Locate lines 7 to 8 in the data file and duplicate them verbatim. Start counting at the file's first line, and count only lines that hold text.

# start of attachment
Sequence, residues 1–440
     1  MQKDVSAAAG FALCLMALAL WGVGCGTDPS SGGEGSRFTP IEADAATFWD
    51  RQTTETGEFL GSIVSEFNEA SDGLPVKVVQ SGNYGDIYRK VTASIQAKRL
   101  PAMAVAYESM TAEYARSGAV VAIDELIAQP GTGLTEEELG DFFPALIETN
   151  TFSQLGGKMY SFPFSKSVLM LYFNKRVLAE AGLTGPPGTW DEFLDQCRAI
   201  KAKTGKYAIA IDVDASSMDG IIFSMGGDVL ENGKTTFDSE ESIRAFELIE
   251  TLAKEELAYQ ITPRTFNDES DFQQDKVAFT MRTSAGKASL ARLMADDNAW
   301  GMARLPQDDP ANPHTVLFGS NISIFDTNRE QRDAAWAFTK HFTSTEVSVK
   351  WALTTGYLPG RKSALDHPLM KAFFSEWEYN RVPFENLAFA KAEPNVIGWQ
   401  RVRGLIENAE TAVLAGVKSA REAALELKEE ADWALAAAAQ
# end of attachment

   251  TLAKEELAYQ ITPRTFNDES DFQQDKVAFT MRTSAGKASL ARLMADDNAW
   301  GMARLPQDDP ANPHTVLFGS NISIFDTNRE QRDAAWAFTK HFTSTEVSVK